Re: REF: Journals
From: "Zebra" <email@example.com>
From: Scott Aitken <firstname.lastname@example.org>
Regarding the AIS Bulletin: I have the easy part -- trying to make it look
good. My dad has the hard part -- editing. Ug.
There is such a wide variety of people with such varied interests who read
the Bulletin. I can assure you it is totally impossible to make all the
readers happy. Take the "Design Corner", for example, a regular feature
about displaying irises. Some people just scream at my dad about how awful
it is, and what a waste of paper. Others write in saying that is their
favorite article and the whole reason they subscribe! He gets similar
responses for nearly everything that is published. How do you respond to
this? I'm just glad I don't have to decide what goes in the Bulletin.
Remember also that the Bulletin is not just a magazine, it is the
publication of a society. So, even if some of the minutes, administrative
stuff, and articles about RVPs probably have a limited interest for many
people, I think there is an obligation to have it.
Bill Shear also made a very good point about volunteering to write
articles. The articles in the Bulletin are only as good as what is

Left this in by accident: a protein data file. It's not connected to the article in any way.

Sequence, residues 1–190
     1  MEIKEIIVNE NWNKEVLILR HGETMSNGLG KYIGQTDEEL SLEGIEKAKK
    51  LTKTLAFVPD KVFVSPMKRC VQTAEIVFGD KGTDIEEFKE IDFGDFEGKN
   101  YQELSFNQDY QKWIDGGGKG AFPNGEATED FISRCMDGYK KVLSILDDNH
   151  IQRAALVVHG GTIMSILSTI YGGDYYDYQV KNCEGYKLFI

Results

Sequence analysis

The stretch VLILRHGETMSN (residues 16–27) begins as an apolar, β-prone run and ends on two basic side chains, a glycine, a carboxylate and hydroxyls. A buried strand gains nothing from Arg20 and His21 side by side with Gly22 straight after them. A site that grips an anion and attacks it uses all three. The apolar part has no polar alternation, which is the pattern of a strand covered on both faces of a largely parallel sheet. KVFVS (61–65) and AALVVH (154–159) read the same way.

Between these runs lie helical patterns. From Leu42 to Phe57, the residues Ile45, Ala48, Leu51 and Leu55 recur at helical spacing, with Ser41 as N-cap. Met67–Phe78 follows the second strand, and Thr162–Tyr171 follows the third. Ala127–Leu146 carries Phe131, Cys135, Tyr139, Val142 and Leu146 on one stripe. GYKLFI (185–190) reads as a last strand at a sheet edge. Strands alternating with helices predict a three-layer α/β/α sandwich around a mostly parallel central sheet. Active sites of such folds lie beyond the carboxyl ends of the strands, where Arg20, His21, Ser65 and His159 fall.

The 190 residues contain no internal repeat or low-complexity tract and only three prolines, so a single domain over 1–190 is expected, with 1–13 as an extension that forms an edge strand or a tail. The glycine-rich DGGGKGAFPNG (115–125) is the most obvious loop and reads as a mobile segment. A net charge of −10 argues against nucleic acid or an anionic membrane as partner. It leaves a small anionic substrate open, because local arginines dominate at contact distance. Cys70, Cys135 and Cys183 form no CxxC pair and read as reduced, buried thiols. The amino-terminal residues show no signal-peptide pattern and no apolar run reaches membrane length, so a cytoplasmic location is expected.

submitted. My poor dad has to beg and beg and BEG people to write articles.
People promise to write something, but never turn it in, or turn it in
really late. People complain about getting the Bulletin late, but if my dad
enforced the article deadline, we would have about 2 articles in the next
Bulletin. So if you think you have a good idea for an article, please,
please, please, write it and send it in! Really. My dad would love it! If
your writing skills are not terrific, get together with someone else in
your club and do it jointly -- it might be fun!
Same goes for pictures. You may have noticed that a majority of pictures in
the Bulletin are my dads? If you have any good quality slides --
particularly of irises that have won an award -- submit those too.
Sometimes we print mediocre pictures of awarded flowers because he can't
find anyone with a better picture. They do need to be slides, or at least
very high quality glossy prints to get a good scan.
Finally, some good news. In the past, we have been restricted to no more
than 124 pages because of the type of bindry we used. With all of the
obligated articles, administrative stuff, minutes, show reports, and
shopping section, sometimes that didn't leave a whole lot of room for many
articles. You may have noticed a few times in the last couple years where
we have had to split a long article into part 1 & 2, and spread it over 2
issues. No longer. We have changed to a new binding system which will let
us print as many pages as we want (or can afford). This will give my dad
the option to print more and/or longer articles... provided that people
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